Swarbrick has had a remarkable first term in Parliament. She's been effective in several fields, especially mental health and drug law reform, and she's done it without making many enemies. A couple of grudgy boomers aside, you'd go far in that place to find an MP more widely liked.
Unleash those attributes in an electorate campaign and who knows what will happen.
But don't write off National's Nikki Kaye. She's one of the leading liberal MPs in a caucus increasingly given to turning its back on liberalism, but that doesn't make her irrelevant. On the contrary, she's become invaluable to them.
"We are the party of roads," says leader Simon Bridges, the party that's "tough on gangs", the party that will put an end to craziness wherever you find it.
National spies votes to be won among everyone who believes the world should be restored the way it was and the only problem with roads is that there aren't enough of them. But those votes won't win it the election. The party also has to be credible to urban liberals and for that it needs MPs like Nikki Kaye.
Climate change, education and health policies that work for everyone, excellent public transport: issues like these are where National's credibility will be most sorely tested. Kaye is strong on all of them. Having her at Simon Bridges' shoulder and performing well in her electorate is one of the best ways the party has to show the country – and particularly the vote-rich city of Auckland – that it stands for progress.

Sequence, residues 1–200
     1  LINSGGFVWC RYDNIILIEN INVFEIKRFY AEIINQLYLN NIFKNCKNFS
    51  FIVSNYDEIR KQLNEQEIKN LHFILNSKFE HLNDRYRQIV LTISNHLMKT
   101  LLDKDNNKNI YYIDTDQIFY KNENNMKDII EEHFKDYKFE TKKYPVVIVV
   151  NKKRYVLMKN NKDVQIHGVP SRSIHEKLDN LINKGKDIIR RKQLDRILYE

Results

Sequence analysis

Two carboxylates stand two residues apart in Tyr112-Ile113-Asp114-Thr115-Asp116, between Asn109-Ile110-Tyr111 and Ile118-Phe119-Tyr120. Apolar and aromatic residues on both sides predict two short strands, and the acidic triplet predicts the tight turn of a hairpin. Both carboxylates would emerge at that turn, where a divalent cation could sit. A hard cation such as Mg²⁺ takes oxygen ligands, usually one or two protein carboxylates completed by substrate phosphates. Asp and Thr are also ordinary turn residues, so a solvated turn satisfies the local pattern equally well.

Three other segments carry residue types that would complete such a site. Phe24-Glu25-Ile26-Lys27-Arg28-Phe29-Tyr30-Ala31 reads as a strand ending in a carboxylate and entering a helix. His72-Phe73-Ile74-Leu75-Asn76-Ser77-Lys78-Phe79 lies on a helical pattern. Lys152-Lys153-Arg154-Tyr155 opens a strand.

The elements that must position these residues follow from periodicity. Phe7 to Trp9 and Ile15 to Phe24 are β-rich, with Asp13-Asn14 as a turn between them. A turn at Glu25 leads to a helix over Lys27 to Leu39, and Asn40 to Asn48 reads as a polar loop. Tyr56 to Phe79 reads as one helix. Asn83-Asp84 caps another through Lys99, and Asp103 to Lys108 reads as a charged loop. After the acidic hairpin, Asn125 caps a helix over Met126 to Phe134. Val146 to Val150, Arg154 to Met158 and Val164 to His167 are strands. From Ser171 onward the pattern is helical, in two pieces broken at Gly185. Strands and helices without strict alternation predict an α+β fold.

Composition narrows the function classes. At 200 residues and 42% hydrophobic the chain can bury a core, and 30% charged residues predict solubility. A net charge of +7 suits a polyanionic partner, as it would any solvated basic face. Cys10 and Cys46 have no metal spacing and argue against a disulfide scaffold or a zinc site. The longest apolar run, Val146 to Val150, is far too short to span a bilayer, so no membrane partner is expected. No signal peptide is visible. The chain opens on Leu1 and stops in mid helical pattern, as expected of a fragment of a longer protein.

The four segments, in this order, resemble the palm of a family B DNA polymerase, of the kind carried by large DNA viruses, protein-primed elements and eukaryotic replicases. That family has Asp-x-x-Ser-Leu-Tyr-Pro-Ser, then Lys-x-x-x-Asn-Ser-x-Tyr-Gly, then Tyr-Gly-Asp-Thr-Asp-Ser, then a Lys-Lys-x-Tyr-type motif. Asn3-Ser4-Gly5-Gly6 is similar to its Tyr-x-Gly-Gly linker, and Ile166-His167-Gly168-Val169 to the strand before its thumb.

Besides, four-term incumbent front-benchers like Kaye shouldn't be beaten by whippersnappers. She's got far too much self-respect to let that happen.
And yet, there's history in this electorate. Sandra Lee won it for the Alliance in 1993. And in 2008, Kaye herself, then just 28, ran a barnstorming campaign that included knocking on 10,000 doors. She beat a Government minister, Judith Tizard, even though National had never before won the seat.
The clarion calls are sounding, and Kaye knows it better than anyone: if you drop your guard, the young tyke you thought was merely sniffing at your heels will suddenly be at your throat. They play to win, these liberals.
They have to. The whole 2020 election could ride on who wins Auckland Central.